Eduard Kuznetsov
Kuznetsov in 2009
Kuznetsov in 2009
Native name
אדוארד קוזנצוב
Born (1939-01-29) 29 January 1939 (age 83)
Moscow, Russian SFSR, Soviet Union
(now Russian Federation)
Alma materMoscow State University
Literary movementHuman rights movement in the Soviet Union
Years active1958–present
Notable works
    • Prison Diaries (1973)
    • Mordovian Marathon (1979)
    • Russian Romance (1984)

Edward Samoilovich Kuznetsov (Russian: Эдуа́рд Само́йлович Кузнецо́в, Hebrew: אדוארד קוזנצוב; born 29 January 1939) is a Soviet-Israeli dissident, refusenik, journalist, and writer. One of the leaders of the 1970 Dymshits–Kuznetsov hijacking affair, Kuznetsov's case drew international attention following his death sentence. As a result of global protests, his sentence was commuted to fifteen years' imprisonment.

Dymshits was released in 1979 as part of a prisoner exchange between the Soviet Union and the United States, and he subsequently made aliyah to Israel. Throughout the 1980s, Kuznetsov participated in the operations of Radio Free Europe/Radio Liberty before beginning the publication of the Russian-language Vesti in 1992. Kuznetsov is also a writer, having written three novels (two of which were written during his prison sentence and smuggled out of the country).

Samizdat and dissident activity

Kuznetsov was born in 1939. He studied at the philosophy department of Moscow State University.[1]: 145 

While at university, Kuznetsov became involved with the first unsanctioned samizdat (self-published) magazines. In 1958-61, he co-edited the underground literary journals Sintaksis and Boomerang, and helped compile the samizdat poetry anthology Phoenix.[1]: 145 

In 1961, Kuznetsov was arrested and tried for the first time for his involvement in publishing samizdat, and for making overtly political speeches in poetry readings at Mayakovsky Square in central Moscow. Among those also attending these informal gatherings were Yuri Galanskov, Vladimir Osipov and Vladimir Bukovsky. Kuznetsov was sentenced to seven years imprisonment.

DymshitsKuznetsov hijacking affair and aliyah

Following his release in 1968, Kuznetsov became one of the primary organisers of the Dymshits–Kuznetsov hijacking affair in June 1970, alongside Mark Dymshits. Arrested for "high treason," he was set to be executed, but after lodging an appeal and international protests, his sentence was replaced with fifteen years in prison and labour camp.[2] His case "opened the doors of emigration to thousands of Soviet Jews."[3] In the 1970s, Kuznetsov shared a prison cell with Danylo Shumuk for five years.[citation needed]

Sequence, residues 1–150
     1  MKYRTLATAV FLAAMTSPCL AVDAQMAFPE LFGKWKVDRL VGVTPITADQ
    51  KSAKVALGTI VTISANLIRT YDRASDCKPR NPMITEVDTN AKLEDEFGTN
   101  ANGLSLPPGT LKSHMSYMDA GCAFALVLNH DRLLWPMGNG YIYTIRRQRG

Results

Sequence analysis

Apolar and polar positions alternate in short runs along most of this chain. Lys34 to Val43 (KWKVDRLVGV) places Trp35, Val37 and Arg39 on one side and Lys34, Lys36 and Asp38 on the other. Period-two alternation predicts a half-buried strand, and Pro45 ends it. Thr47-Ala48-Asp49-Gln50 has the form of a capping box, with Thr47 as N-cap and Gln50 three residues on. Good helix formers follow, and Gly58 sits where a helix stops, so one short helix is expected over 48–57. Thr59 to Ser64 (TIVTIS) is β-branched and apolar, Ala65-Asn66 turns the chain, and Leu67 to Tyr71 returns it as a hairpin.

In 1979, he and four other dissidents (Dymshits, Baptist preacher Georgi Vins, samizdat writer Alexander Ginzburg, and Ukrainian nationalist Valentyn Moroz) were exchanged for two Soviet spies arrested in the United States.[3] Kuznetsov then immigrated to Israel.

Literary and other activities

From 1983 to 1990, he was chief of the news department of Radio Liberty in Munich.[3] In 1992 he co-founded the Israeli Russian-language newspaper, Vesti (The News), which he edited until 1999.

Kuznetsov is a member of the PEN Club and has been widely published in European, US and Israeli media. He is the author of three novels: Prison Diary (1973), Mordovian Marathon (1979) (both written secretly in prison and smuggled abroad) and Russian Romance (1984). All three have been translated into many languages. In 1974, Prison Diary won the Gulliver Award in France, being declared the best book written by a foreign author.[3][4]

In 2005, Kuznetsov participated in "They Chose Freedom", a four-part television documentary on the history of the Soviet dissident movement. He currently lives in Jerusalem, Israel and is a board member of the Gratitude Fund, an organisation supplying financial aid to former Soviet dissidents.[5]

Notes

  1. ^ a b Schroeter, Leonard (1979). The Last Exodus. Seattle: University of Washington Press. ISBN 978-0-295-95685-5.
  2. ^ See Chronicle of Current Events, issue 17.
  3. ^ a b c d "kuznetsov". www.thegratitudefund.org. Retrieved 11 August 2022.
  4. ^ In Russian it is titled A Step to the Right, A Step to the Left.
  5. ^ The Gratitude Fund. Retrieved 2015-11-25.

Bibliography

Refusenik movement and 1990s post-Soviet aliyah